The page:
As is too often the case, tech perpetuates inequality. Those with capital (cryptocurrency + time to dive into the NFT rabbit hole + access to tech) can own NFTs. Those without this capital, can’t.
This inequality isn’t just true on the buyer’s side. Creators with social capital sell the most expensive NFTs. Beeple already had 1million+ followers on Instagram before he sold the First 5,000 Days. Instead of Kevin Kelly’s world – many creators, each with 1,000 true fans – we have a few getting all the reward, and a long tail getting left further and further behind.
There’s reasons to be hopeful. Conceptually, NFTs are a force for equality. They decentralise power away from platforms and wealth away from institutions, and towards individuals. They’re also a way for people to earn crypto that isn’t mining or trading. Instead, anyone (in theory) can earn through craft and creativity. As more people join, more and more diverse communities will form, more people will buy things, and more creators will create (🤞🏽).
Besides inequality, I also think the wealthier you are, the less you have to give up to buy something, the less meaning you’ll get from it. As I said earlier, meaning comes from sacrifice and commitment. The smaller the sacrifice, the less it’s part of your journey to craft a good life.
Couldn’t we put that money and creative energy to better use?
To be honest, sceptics are right to say that paying $400k for digital whales, or $70m for Beeple’s digital art, is ridiculous.
Also, this is happening:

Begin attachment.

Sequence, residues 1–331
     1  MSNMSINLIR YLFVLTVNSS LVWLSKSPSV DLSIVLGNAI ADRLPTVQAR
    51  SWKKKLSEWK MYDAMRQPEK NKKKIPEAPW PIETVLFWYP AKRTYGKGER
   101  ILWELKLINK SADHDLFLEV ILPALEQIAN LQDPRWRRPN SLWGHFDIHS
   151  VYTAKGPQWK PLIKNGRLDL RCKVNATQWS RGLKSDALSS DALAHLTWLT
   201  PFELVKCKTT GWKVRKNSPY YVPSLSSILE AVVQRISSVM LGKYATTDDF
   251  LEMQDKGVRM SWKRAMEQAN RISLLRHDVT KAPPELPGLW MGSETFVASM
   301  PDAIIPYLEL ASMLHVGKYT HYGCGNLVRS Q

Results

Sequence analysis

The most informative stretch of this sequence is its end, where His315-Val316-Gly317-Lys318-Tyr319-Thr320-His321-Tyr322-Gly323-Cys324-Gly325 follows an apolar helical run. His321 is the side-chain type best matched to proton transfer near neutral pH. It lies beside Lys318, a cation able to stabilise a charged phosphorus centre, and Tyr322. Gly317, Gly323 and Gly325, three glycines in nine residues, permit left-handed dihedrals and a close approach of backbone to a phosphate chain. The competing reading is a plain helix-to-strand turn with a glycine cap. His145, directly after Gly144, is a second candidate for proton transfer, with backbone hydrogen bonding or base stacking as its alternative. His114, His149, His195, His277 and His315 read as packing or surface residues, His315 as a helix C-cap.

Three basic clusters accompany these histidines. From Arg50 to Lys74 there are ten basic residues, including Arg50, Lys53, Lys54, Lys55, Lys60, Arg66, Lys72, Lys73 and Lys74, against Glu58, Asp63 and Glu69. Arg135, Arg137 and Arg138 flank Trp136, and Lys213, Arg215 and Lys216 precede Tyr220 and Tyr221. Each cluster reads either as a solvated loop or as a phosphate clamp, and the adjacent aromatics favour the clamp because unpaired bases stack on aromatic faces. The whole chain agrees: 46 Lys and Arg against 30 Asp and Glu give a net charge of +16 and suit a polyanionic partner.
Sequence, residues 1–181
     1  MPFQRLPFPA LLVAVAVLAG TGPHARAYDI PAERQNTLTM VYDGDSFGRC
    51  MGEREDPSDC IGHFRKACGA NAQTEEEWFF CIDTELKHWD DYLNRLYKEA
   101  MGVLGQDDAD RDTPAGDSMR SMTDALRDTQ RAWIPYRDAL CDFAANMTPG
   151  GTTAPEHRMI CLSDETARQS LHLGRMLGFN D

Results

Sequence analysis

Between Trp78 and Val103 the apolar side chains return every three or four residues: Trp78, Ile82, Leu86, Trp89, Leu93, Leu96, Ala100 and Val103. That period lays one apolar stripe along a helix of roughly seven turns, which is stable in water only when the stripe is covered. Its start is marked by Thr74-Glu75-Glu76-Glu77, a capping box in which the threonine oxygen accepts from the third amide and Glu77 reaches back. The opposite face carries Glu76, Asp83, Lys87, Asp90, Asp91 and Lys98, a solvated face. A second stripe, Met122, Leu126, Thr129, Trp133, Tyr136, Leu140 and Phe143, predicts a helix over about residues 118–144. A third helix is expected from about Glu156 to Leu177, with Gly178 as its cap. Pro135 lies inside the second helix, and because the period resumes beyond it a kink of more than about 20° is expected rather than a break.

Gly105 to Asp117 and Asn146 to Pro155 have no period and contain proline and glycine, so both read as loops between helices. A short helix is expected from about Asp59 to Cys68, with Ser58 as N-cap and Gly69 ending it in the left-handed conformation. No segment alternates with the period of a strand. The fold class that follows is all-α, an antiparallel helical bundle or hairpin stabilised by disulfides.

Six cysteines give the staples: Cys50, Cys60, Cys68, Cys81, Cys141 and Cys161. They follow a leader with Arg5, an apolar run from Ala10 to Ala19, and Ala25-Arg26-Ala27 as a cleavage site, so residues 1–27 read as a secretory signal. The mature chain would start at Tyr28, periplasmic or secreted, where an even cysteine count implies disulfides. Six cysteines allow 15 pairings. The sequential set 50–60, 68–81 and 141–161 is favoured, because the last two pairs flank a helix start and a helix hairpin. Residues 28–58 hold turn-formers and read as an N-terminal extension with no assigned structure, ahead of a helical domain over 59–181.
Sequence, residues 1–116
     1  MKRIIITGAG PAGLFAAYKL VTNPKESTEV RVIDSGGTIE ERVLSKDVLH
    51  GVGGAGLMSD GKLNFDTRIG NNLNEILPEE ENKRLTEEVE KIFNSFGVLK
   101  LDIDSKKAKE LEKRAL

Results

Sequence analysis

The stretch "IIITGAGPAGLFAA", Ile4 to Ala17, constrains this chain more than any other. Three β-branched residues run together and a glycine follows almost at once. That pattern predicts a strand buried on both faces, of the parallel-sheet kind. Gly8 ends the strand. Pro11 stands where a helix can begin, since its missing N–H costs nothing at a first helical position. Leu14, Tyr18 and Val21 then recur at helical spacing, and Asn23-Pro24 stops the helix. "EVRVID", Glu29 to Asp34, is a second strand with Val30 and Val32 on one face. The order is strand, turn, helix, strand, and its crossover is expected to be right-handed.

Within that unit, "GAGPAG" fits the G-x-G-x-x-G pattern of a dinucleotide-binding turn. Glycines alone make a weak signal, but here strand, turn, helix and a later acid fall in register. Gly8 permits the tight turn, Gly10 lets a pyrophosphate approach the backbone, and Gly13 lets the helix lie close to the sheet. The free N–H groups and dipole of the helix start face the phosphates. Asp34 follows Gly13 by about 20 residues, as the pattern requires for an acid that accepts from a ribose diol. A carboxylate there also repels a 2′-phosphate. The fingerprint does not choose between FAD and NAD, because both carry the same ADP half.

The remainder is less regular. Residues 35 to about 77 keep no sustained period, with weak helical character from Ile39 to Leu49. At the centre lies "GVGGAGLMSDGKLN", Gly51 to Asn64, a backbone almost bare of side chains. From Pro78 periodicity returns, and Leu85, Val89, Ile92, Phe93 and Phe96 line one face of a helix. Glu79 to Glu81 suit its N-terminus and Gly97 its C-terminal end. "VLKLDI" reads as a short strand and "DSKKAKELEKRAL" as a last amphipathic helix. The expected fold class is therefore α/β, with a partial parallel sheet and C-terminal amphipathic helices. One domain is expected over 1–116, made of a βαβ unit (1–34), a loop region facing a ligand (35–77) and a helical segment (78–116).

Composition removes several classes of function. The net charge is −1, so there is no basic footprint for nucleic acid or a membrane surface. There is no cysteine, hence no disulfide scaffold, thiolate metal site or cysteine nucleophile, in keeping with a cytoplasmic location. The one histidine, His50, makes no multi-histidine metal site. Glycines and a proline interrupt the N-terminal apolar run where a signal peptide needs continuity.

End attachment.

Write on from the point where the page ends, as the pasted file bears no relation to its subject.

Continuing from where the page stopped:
NFTs seem absurd because of how trivial they are, compared to the very non-trivial challenges the world faces. It’s not only the money changing hands, but the tremendous amount of talent and creative energy plunging into NFTs. It’s a stretch to accept that it’s a good use of the world’s scarce resources, while millions around the world suffer from illiteracy, infectious disease, climate crises, and anxiety.
But there’s also some incredibly meaningful NFT projects out there. They’re raising money for everything from feeding the hungry to removing ocean waste. Beyond NFTs, tokens are creating communities to mobilise community giving and action in New York and support ecological causes. Yet, for every one of those, there’s 10 NFT projects that feel like rich kids buying toys and moving money around.
NFTs are at the start of their journey. In the long run, that journey can take us to an exciting, flourishing place. Right now, it’s working through a messy phase of speculation, volatility, and hype. It feels like a bubble, though just like the dotcom bubble of the late 1990’s it also feels like there’s something substantial below the hype that needs time to figure out. I’ll be honest: it’s cringe, mad, unethical, exciting and profound all at the same time.
NFTs are being brought for their exchange value (i.e. to sell on for a profit).